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Auditors hired to detect fraud should have a healthy dose of professional skepticism, the freedom of candid discussions on an engagement team, and proper exposure to high-quality audit practices, according to research contributed by Auburn University Professor Greg Jenkins.
Jenkins co-authored the findings of a national five-member academic team reported in the Journal of Accountancy, one of the profession’s most respected publications.
Greg Jenkins, the Ingwersen Professor of Accounting at Auburn's Harbert College of
Jenkins is the Ingwersen Professor of Accounting at Auburn’s Harbert College of Business and began his professional career after having earned his PhD at Virginia Tech and earlier degrees from Appalachian State University. His current research examines various aspects of auditor independence, auditors’ use of specialists, and accountants’ adherence to professional codes of conduct. He also serves on the AICPA's Auditing Standards Board.
He joined Harbert’s School of Accountancy in the summer of 2018.
“I was lured to Auburn because of the faculty’s great reputation and a balanced focus on teaching, scholarship, and engagement with the business community,” Jenkins said.
Why it matters
“Auditors are required to maintain their professional skepticism throughout an audit,” Jenkins said. “Professional skepticism calls on auditors to remain alert during their work for information that suggests the financial statements may contain misstatements and to recognize that things – such as a client’s explanations for a transaction – may not be as they appear.
“Our article highlights some of the key lessons and insights from contemporary fraud-related research that auditors can implement on their engagements to enhance their consideration of fraud.”
“Fraudulent financial reporting is a fundamental and longstanding concern of audit professionals who work to protect the interest of client stakeholders, including investors and creditors,” Stanley said. “As accounting academics, one of our primary goals is to produce research that not only advances the academy but also shapes practice.”
He credited Jenkins for the quality representation his work reflects on Auburn.
“As a member of the Auditing Standards Board, and through its projects such as this, Jenkins is able to share his expertise... while at the same time gain a very unique perspective that informs his own research and teaching,” Stanley said.
“This type of engagement is great for the School of Accountancy and Harbert College of Business as we work to prepare our students to become tomorrow’s accounting leaders and generate research that drives business thought and practice,” he said. “It truly exemplifies our mission.”
Under the title “Auditing best practices: What academic fraud research reveals,” the team reported its findings and recommendations after the Auditing Standards Board tasked it with synthesizing contemporary fraud research.
“Professional skepticism” is among the first topics for which the team provides recommendations:
Reward staff for practicing skepticism
“Audit seniors and managers should reward appropriate skepticism (e.g., investigation of an evidence inconsistency) with positive feedback even when skepticism does not lead to the discovery of a misstatement. That is, avoid penalizing staff (e.g., through a poor performance review) who respond skeptically to evidence inconsistencies when no misstatement is identified,” the Journal article reports.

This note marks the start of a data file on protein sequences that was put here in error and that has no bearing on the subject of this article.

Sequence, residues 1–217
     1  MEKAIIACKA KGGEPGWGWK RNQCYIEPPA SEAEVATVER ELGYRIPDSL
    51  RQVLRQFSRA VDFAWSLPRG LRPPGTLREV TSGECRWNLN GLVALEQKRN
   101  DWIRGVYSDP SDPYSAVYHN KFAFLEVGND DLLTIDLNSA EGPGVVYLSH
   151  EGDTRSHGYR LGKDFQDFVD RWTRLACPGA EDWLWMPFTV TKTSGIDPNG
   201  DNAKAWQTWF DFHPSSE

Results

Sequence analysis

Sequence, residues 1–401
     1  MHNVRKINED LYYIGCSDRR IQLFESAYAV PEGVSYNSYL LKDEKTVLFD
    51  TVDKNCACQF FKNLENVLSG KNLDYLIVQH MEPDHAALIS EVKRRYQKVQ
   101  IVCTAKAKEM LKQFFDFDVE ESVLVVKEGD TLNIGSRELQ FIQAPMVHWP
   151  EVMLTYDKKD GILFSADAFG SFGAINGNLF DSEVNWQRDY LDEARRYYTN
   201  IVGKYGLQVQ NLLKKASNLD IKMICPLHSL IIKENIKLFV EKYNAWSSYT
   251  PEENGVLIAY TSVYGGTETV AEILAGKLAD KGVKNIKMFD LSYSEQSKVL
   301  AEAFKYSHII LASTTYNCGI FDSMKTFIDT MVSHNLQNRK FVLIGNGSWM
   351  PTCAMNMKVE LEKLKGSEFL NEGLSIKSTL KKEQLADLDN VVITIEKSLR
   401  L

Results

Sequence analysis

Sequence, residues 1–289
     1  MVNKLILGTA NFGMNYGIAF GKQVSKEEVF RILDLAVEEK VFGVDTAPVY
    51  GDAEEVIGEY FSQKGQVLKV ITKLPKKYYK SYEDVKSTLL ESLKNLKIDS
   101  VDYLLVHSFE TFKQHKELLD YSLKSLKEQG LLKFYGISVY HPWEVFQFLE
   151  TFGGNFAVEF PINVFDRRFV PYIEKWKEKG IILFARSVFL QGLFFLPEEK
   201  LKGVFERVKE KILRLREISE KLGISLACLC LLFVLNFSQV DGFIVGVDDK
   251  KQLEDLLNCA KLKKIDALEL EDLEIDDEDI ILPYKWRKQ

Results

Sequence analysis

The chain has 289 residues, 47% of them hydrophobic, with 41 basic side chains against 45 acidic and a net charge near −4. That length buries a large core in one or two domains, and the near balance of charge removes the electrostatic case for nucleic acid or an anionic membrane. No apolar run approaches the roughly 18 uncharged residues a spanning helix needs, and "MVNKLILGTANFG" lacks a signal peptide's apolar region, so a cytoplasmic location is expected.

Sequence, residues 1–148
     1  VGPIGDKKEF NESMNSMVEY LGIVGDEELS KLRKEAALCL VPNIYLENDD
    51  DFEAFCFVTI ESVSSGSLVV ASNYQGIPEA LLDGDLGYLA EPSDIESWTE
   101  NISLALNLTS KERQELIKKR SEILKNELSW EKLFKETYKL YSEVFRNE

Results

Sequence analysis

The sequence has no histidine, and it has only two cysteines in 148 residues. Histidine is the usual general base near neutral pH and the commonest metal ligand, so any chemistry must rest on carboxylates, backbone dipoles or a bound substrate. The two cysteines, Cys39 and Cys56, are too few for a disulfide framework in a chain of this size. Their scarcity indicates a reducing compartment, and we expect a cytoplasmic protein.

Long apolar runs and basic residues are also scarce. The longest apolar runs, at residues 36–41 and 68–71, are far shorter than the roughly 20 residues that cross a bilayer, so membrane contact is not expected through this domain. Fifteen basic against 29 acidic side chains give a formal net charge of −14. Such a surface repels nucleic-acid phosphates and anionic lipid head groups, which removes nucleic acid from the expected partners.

Have leaders set the right tone
“Engagement partners should demonstrate their own professional skepticism to other team members by, for example, sharing their own past fraud experiences. This encourages preparation for fraud brainstorming meetings and deeper discussions during those meetings. When engagement partners demonstrate their professional skepticism, brainstorming sessions are longer, have better attendance, and include more extensive discussions.”
Build teams whose members have different levels of skepticism
“Even a small number of more skeptical auditors can encourage deeper and more thoughtful fraud-related discussions by others on the audit team who may be less skeptical.”
The research showed several other key areas for potential focus, including a call for more discussion among the engagement team. Recommendations include steps to promote more effective brainstorming, creating a supportive environment so auditors are comfortable sharing their ideas, and starting with unstructured sharing of ideas.
Another suggestion for fraud hunters is to conduct interviews in the afternoon. “Client personnel are more likely to report fraudulent activities when auditors remind them of applicable whistleblower protections and during late-in-the-day interviews, when interviewees are tired and prone to ‘letting their guard down.’”
The research also warns auditors to be aware of relationships between audit committee members and client management because close relationships may hinder the effectiveness of the audit committee’s oversight.
The team consisted of, in addition to Jenkins, four other accounting professors:
Jenkins shared encouragement for current and prospective students considering a degree from Harbert.
“Harbert’s School of Accountancy has an exceptionally talented group of faculty members who are dedicated to student learning,” he said. “Our faculty includes leading textbook authors; researchers focused on many of the challenges facing the profession, including research on effective teaching techniques and strategies; and individuals who are committed to the accounting profession.
“Students who complete their accounting degree at Auburn are very prepared to enter the profession and to have a successful and rewarding career.”
The report published in the Journal of Accountancy can be found at: https://www.journalofaccountancy.com/news/2023/jan/auditing-best-practices-what-academic-fraud-research-reveals.html